Had the code been written to query transactions in the store (again, it's a simple IF THEN) then it would also have known she had made two transactions in the store that day, one before lunch and one after. Again - don't send the letter.

My friend was shopping for a kids birthday party, had a break for lunch (in the Tesco restaurant!) and a shop in one or two of the other stores sharing the the same car park. That's how 4+ hours fly by Tesco dudes - at least they do for your 'valuable' customers - ones spending money.

This system would be so easy to put right - even as an automated one.

But here's my suggestion Tesco: Since the average family is spending £10-£15K with you each year - and each one of these sent-in-error automated letters could cost you a customer each time - wouldn't you be wiser employing say, just one customer services advisor to speak human-to-human to those you fear may be abusing your free parking?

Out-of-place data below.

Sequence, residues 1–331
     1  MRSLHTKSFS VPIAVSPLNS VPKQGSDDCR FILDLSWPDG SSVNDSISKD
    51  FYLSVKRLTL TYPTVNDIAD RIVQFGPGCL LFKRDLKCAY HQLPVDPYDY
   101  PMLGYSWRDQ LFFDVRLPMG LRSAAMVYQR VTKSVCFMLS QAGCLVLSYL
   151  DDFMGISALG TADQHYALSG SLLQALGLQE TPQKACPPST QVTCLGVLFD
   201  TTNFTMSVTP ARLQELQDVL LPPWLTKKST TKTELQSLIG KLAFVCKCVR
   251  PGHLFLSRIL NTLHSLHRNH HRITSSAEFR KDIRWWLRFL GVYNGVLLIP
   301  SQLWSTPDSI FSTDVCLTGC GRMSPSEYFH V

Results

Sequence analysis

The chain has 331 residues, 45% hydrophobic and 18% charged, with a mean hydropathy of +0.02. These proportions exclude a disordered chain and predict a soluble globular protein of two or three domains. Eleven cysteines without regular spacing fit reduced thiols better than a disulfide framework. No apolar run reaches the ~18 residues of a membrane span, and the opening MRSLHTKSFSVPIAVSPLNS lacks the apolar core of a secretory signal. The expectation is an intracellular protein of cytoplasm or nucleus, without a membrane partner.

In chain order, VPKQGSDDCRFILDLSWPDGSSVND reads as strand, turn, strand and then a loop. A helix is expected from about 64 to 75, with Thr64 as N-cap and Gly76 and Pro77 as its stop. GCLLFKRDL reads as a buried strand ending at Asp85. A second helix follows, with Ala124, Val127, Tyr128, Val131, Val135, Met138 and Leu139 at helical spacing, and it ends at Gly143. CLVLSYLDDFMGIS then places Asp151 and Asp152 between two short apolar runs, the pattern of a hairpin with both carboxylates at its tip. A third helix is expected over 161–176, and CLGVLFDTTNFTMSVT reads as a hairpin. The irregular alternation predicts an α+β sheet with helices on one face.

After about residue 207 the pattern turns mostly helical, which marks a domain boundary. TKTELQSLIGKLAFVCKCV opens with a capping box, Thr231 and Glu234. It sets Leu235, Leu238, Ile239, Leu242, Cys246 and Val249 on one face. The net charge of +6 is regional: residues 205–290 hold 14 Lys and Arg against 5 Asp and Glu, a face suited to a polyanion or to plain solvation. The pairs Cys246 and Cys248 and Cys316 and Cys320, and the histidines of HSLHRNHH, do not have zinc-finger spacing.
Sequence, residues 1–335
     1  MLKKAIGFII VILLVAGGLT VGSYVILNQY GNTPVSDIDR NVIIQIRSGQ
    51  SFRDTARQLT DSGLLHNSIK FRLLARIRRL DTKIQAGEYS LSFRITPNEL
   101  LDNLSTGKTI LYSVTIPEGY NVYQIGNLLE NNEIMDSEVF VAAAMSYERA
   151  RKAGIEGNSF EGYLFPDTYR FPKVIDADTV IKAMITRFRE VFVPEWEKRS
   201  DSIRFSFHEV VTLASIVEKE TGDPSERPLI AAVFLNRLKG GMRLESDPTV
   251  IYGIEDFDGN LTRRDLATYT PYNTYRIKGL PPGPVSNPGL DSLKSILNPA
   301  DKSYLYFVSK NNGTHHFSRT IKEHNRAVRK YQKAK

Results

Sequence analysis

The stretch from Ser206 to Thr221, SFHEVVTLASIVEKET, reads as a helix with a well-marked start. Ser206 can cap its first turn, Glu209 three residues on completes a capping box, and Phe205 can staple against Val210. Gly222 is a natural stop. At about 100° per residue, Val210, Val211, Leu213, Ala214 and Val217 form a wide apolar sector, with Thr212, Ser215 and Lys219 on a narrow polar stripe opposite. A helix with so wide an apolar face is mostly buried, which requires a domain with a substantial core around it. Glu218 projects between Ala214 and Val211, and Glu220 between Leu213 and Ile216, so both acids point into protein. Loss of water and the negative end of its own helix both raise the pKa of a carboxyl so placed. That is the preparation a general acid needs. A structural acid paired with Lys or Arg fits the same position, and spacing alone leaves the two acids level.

A little conversation would soon reveal the true circumstances. And you'd be much more likely to keep your customers.

Every time you send one of these letters without understanding the circumstances you risk losing that customer's £10-£15K a year - for ever.

And they are telling their friends...


  1. Katherine Hannaford9/29/2008 10:07 am

    Wow, thanks for this David - really good to know.

    Also, it's rather scary to see a £100 shop each week equals to £5k for their pockets. I might have to look up the nearest farmers markets, I think.

  2. Particularly bad timing for Tescos when people are evaluating how to save money in the economic downturn.

    And not only is it possible to do cheaper shops at other supermarkets, but farmers markets and farm shops are more accessible than ever, due to the internet.

    I've made a conscious decision to use alternative shops to get the basic staples at the cheapest possible price, and then to spend some of the extra money on quality produce from local suppliers - you really can taste the difference and it's not more expensive than the premium ranges from the supermarkets.

    And I feel far more loyalty to making a purchase directly from a local supplier who is always helpful and informative, than going to the local Tescos. Particularly after I arrived at the small local brand at 3.50pm on a Sunday with my son in a pushchair, having been delayed when he was crying his eyes out and generally upset...

    When I finally got there, the security guard told me I couldn't go in, as they closed at 4pm.

    Despite the fact I'd walked there to get one item.